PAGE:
Up to 90 Parliamentary accounts have been compromised in what appears to be an unsophisticated "brute force" attack on the email system used by both Parliamentary workers and Members of Parliament alike.
"As a result, some Members of Parliament (lawmakers) and staff can not access their email accounts outside of Westminster", it said, adding that IT services at Parliament itself are working normally.
The on-going investigation has so far revealed a brute-force style attack that that attempted to identify "weak passwords that did not conform to guidance issued by the Parliamentary Digital Service". All of the affected accounts were using passwords that fell below the security standards set by the Parliamentary Digital Service.
"IT services on the parliamentary estate are working normally". Simple security measures like multifactor authentication - requiring confirmation by app or text message before logging in - would make it much harder for hackers to gain access to email accounts. That means that the attack did not affect accounts hosted on the gov.uk domain, which ministers - all of whom are MPs - are instructed to use for any confidential work or communications.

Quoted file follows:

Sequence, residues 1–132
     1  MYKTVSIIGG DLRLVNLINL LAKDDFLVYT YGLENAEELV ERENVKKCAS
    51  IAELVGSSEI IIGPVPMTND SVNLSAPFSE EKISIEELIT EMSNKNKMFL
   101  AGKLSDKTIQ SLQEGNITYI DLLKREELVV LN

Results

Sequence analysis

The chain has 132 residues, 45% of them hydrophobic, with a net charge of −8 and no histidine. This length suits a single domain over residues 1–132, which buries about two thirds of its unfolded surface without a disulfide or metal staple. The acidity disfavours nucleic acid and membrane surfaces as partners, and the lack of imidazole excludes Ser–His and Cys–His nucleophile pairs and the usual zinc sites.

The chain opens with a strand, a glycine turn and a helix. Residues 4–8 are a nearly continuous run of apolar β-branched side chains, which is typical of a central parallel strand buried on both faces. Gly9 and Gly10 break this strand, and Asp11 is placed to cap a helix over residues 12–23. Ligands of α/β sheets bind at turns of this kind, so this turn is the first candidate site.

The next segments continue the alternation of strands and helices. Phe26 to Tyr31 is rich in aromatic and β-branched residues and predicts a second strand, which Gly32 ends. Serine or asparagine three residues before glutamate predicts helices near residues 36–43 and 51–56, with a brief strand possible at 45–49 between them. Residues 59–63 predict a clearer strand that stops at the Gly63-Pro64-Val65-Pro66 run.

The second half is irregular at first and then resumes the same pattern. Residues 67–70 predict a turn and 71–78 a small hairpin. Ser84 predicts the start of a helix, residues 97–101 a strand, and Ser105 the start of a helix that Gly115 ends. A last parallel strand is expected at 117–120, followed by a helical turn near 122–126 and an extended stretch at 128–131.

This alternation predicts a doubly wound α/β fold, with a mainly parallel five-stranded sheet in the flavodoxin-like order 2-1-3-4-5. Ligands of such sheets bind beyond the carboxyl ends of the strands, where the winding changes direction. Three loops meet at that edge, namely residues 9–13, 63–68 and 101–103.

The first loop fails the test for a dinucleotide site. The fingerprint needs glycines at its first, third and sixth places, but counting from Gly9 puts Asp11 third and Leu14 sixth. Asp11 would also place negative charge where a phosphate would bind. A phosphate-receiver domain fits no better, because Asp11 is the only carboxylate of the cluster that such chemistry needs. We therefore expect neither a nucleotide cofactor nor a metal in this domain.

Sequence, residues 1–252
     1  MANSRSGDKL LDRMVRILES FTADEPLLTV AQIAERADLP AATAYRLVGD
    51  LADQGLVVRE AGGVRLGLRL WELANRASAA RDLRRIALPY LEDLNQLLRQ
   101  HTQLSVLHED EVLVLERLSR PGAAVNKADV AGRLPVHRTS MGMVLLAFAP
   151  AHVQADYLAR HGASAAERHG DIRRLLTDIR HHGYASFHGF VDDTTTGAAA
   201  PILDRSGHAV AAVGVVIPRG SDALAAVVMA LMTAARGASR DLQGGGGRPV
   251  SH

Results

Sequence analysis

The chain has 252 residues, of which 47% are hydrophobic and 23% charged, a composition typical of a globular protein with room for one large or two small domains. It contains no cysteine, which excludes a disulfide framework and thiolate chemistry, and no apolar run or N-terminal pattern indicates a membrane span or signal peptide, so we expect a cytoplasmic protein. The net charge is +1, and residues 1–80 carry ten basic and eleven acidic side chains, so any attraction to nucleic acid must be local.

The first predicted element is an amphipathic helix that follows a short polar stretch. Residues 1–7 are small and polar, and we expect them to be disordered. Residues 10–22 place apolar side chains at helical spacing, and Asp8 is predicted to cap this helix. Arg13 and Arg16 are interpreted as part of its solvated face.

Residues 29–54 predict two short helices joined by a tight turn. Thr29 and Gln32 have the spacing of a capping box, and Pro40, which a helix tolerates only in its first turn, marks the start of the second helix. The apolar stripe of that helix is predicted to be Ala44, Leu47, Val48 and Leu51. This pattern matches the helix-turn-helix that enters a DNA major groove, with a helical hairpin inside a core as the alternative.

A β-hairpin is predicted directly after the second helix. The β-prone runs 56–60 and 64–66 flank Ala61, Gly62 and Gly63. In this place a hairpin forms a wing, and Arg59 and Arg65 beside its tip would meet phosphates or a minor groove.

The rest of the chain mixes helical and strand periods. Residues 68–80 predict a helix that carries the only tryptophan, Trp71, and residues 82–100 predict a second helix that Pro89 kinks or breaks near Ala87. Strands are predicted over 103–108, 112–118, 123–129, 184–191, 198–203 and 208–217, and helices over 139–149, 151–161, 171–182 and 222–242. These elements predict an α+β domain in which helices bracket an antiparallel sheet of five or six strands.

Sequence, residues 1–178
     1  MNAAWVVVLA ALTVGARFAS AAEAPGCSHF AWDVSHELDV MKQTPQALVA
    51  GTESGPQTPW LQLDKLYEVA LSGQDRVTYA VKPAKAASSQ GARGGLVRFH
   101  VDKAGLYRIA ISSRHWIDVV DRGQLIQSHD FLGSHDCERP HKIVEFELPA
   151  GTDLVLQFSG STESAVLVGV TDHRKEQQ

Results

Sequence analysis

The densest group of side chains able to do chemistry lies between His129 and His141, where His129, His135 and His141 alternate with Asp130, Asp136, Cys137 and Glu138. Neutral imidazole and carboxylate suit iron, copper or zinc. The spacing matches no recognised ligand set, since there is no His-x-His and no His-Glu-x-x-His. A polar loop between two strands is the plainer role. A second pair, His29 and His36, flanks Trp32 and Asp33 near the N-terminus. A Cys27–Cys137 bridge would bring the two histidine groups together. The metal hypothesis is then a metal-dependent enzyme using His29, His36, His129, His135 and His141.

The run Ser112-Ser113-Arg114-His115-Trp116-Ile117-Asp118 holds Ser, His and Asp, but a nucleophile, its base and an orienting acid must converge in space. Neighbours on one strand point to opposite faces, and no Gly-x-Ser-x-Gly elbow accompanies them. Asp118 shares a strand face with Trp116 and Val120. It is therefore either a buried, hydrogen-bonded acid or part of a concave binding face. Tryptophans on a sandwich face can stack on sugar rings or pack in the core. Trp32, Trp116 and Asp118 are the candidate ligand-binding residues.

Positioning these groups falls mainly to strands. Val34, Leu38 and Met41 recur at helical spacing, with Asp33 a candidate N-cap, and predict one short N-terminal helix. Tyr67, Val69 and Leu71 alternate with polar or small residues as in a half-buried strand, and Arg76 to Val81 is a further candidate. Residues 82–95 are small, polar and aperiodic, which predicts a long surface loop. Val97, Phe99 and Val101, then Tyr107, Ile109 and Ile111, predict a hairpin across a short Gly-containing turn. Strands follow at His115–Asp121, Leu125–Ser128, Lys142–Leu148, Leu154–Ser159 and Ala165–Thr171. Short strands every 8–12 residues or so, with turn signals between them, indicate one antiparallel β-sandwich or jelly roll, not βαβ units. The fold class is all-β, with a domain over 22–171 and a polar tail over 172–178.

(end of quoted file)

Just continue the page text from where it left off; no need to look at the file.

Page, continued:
"It would be inappropriate to comment on the other questions while investigations are ongoing", a spokesman tells ISMG.
The attack has been described as a "sustained and determined cyber attack", which was first picked up on Friday and affected "fewer than one per cent of the 9,000 users of the IT system", according to Chris Rennard, a member of the Liberal Democrat party. Multiple media outlets have quoted unnamed sources in the British intelligence sphere suggesting that the attack must have been sponsored by a nation state.
Security agents believe that a foreign government, rather than a criminal group, carried out the attack, and that only Russia, China, North Korea or Iran would have the capabilities and motivation to do so, according to sources speaking to the Guardian.
The same source, however, adds a massive caveat: "The nature of cyberattacks means it is notoriously hard to attribute an incident to a specific actor".
Liam Fox, Britain's International Trade Secretary, told ITV News that the attack was "a warning to everyone: We need more security and better passwords".
"We know that our public services are attacked so it's not at all surprising that there should be an attempt to hack into parliamentary emails".
Forcing parliamentarians to use more secure passwords would also hinder these attacks.